"It was imprudent of us, in the first place, to become authors. We could have become something regular, but we managed not to.
We were lucky, but we were also determined." Roy Blount Jr

"I don’t change the facts to enhance the drama. I think of it the other way round, the drama has got to fit the facts,
and it’s your job as a writer to find the shape in real life."
Hilary Mantel

Monday, June 15, 2009


I am very thankful that I returned home when I did. I was sleeping beside my husband when the call came, at about 12:35 this morning--his brother informing us their father passed away in hospital in South Carolina.

In recent weeks my father-in-law, a tough New England Yankee, had endured a difficult time and many challenges. A combination of conditions prevented him from recovering from the surgery he had over a week ago. At age 87, and despite the vigor he displayed in advanced age, it was increasingly obvious that time was running out. Over the past month he had visits from his daughter (when still at his retirement home), my husband (when in hospital but discharged from ICU), and his other son (who was there for the final days of tranfers from various care units and all the medical interventions.)

My brother-in-law returned to his PA home last night. There was a conference call in the evening with the 3 siblings, to prepare them. Except that nobody is ever prepared, really, to lose a parent. Or so it seems. I feel blessed to have mine still, and spoke to them this morning.

When the D-Day observances took place last weekend and commentators spoke of the diminishing population of veterans, I was all too aware of the precarious state this particular aged vet who had arrived in France from the UK a few days after that famous landing. Now there's another loss from that brave contingent, a man who personified the Greatest Generation in all the best ways. Son, soldier, husband, father, businessman. It was quite a journey, from lovely Salem, MA to the war-torn Europe to North Carolina (where he met and married a Southern beauty), to Milwaukee where he built a career and where his three children were born, to retirement in North Carolina, to the hospital across the state line where the long and well-lived life ended. And of course, the countless summers at the New Hampshire lake cottage, winter recreation on the frozen lake, autumn foliage--making the most of that very special spot we all cherish.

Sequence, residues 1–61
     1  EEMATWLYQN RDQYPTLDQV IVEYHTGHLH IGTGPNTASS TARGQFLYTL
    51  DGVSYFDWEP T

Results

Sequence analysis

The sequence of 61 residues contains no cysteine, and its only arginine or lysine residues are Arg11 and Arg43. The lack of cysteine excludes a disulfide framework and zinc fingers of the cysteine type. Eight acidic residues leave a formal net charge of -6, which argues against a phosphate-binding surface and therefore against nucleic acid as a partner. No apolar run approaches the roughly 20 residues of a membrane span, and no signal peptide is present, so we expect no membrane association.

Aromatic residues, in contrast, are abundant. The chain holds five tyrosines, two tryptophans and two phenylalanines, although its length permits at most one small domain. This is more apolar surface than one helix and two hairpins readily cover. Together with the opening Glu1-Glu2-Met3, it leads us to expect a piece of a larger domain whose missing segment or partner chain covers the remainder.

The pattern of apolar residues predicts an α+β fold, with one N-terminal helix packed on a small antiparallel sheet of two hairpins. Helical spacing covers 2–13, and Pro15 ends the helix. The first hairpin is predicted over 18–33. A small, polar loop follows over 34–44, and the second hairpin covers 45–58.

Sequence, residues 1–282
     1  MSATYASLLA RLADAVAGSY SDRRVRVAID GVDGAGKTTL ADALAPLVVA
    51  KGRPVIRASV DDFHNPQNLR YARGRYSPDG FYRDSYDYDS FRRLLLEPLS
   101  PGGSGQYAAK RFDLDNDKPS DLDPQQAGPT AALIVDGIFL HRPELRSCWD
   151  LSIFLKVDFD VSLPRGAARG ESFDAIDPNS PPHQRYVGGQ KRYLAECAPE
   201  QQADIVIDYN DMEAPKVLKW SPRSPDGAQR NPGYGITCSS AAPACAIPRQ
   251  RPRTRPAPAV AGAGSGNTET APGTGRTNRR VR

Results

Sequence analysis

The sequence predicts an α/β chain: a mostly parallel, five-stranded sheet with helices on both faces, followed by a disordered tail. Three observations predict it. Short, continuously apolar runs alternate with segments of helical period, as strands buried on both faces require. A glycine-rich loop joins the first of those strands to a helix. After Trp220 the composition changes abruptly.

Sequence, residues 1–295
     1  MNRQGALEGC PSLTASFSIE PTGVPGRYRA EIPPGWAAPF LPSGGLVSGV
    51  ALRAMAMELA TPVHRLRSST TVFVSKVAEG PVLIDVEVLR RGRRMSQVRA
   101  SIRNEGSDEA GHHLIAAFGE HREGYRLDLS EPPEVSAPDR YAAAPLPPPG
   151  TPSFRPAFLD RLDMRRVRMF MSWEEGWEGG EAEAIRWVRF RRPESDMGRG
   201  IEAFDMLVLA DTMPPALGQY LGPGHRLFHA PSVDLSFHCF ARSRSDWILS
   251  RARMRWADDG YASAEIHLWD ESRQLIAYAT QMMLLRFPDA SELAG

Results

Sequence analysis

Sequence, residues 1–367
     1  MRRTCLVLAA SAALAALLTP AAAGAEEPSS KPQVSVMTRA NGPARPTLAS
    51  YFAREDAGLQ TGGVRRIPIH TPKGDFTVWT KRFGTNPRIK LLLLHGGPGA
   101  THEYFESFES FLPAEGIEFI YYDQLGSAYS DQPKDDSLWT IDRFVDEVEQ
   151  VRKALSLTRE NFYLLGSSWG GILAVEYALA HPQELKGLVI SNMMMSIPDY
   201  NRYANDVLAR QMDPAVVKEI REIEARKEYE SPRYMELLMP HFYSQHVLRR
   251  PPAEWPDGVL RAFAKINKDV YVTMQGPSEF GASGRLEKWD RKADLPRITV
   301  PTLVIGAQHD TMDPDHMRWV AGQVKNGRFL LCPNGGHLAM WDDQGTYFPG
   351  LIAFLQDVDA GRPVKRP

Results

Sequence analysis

We don't yet know the exact time of death but likely it was after midnight. There's a certain comfort in his leaving us today--the birthday of his first wife, my husband's mother, who died 20 years ago. He leaves behind a widow.

The Chap stayed home from the office today. Lots of phone calls ahead, arrangements to be made long-distance, and informing far-flung relatives and friends, most of whom won't be expecting this unhappy news.

I'll say it again. I'm very thankful I'm back home at the Lodge and not in Chicago or even up at the lake cottage. There's not much I can do, I speak what comfort I can, but just being here with the Chap right now is so necessary.

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